The Triumph of Idealism | Inspirational Podcast

Podcast Transcript: Welcome to the Inspirational Living podcast, brought to you in part by Book of Zen, makers of wearable inspiration for a better world. Today’s podcast has been edited and adapted from the essay How to Fight the Battles of Life, By CARL HILTY, published in 1903…

MANY people in our day and age, even well-intentioned people, have lost their faith in idealism. They regard it as something we outgrow after college, and something of little use in later life. Theoretically, they say, idealism has much to commend it, but, practically, things turn out to be brutally material. These individuals thus divide life into two parts: one where we may indulge ourselves in high-minded theories and sentiments, and, indeed, are to be encouraged in them; and the other where we wake rudely from this dream and deal with reality as best we can.

This isn’t anything new. During the 1700s, the philosopher Immanuel Kant dealt with this common defeatist attitude. He showed that the familiar expression: “That may be well enough in theory, but does not work in practice” expressed an absurd contradiction unworthy of a thinking, moral person.

The logical realism of our day, however, is not concerned with theoretical propositions. It turns, on the contrary, to the hard fact of the struggle for existence, in which indifference to others and absolute self-interest are not only permissible, but, as one looks at the real conditions of life, seem more or less demanded.

These modern realists say: “The world we see about us is one where only a few can succeed and where many must fail. There are not enough good things for all.” The question is thus not whether such a state of things is right or just. On the contrary, we are supposed to accept that we live in a hard, unreasonable, unjust universe. And that it is useless for the individual to try to change it. Our only goal is to make certain that in such a universe we are the hammer, and not the nail.

Such is the essence of that worldly wisdom which many people hold today. With it disappears, of course, any need of moral or spiritual education. Such instruction in schools might as well be abandoned—and indeed most of it has been.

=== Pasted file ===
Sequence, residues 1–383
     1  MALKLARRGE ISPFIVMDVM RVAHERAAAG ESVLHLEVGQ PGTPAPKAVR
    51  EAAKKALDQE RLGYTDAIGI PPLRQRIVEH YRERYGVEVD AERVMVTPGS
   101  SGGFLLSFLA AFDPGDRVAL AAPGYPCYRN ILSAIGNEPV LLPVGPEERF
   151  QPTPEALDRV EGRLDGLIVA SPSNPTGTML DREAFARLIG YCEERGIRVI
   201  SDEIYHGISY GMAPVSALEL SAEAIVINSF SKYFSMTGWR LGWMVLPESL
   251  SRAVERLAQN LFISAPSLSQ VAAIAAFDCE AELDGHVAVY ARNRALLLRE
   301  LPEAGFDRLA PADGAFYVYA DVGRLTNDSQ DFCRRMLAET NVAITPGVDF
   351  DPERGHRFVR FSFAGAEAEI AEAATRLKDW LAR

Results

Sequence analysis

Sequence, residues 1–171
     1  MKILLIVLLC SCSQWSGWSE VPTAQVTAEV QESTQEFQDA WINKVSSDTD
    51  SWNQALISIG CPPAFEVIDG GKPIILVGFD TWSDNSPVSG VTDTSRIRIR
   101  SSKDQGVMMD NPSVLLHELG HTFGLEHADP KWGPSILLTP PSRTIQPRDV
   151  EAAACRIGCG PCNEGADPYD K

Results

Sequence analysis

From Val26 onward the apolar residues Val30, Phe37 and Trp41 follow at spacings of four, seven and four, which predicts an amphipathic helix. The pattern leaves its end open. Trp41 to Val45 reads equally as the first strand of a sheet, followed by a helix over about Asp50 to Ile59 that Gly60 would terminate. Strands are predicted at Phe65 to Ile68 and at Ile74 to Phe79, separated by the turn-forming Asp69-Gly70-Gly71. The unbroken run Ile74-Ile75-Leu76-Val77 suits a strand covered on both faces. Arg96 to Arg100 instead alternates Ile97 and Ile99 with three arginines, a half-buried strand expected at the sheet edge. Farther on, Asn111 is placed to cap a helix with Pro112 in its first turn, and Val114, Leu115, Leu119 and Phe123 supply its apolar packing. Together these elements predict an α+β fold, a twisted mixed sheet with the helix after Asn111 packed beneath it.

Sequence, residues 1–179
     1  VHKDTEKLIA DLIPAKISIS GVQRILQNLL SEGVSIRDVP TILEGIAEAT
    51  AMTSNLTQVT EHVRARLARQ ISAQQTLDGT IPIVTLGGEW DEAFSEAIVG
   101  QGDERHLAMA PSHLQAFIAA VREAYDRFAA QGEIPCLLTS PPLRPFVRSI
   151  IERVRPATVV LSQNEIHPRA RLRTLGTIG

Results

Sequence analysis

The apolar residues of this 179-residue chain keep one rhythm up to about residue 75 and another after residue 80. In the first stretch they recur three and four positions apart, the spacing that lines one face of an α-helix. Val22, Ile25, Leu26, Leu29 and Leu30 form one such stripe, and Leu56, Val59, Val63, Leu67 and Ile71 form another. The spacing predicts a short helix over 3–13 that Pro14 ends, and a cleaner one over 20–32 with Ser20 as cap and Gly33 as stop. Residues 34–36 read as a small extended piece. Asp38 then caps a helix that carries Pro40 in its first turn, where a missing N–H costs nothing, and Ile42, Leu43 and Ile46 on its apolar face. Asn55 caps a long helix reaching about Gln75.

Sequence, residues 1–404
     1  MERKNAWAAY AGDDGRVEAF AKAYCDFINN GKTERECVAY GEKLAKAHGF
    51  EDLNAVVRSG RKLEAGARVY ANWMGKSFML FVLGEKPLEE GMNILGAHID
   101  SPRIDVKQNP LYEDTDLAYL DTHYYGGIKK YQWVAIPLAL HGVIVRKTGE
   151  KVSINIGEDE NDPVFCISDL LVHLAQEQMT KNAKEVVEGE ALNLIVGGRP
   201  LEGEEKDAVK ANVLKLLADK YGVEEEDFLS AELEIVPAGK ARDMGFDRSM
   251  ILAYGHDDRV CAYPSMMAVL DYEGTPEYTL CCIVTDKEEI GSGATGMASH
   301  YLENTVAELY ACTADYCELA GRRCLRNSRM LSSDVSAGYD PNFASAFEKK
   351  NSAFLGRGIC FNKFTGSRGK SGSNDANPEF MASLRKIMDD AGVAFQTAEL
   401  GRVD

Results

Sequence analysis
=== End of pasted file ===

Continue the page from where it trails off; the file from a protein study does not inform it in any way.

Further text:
In our current society, young people are expected grow clever and practical, while being trained to get and to keep. They are free from every sentiment of honor which might be a hindrance in their path. Most of them lose their physical, intellectual, and moral vigor early in life, while older folks lament, perhaps too late, that their youth had been sacrificed to that which was not worth their seeking—their possessions having become the source of stress and unhappiness rather than comfort and joy.

So, let’s get back to idealism. What is this thing we have sacrificed for the sake of being (quote) “practical and reasonable?” Idealism, as I understand it, is a form of faith, an inward conviction. It is absolutely necessary for the permanence of the world; yet it never can be proved true, and indeed for those who have it, needs no proof.

Further, no one becomes an idealist by being taught about it or by reasoning concerning it. This is not so strange as it might seem, for the very trustworthiness of human reason is proved to us only by experience. That which has power must have reality. No other proof of reality is final. Even our senses could not convince us, if our experience (and the experience of all other people) did not assure us that we could, under normal conditions, trust them not to deceive.

That which brings conviction to you is your experience, and that which rouses in you the desire and commitment to believe in your own experience is the testimony of others who have had that experience themselves.

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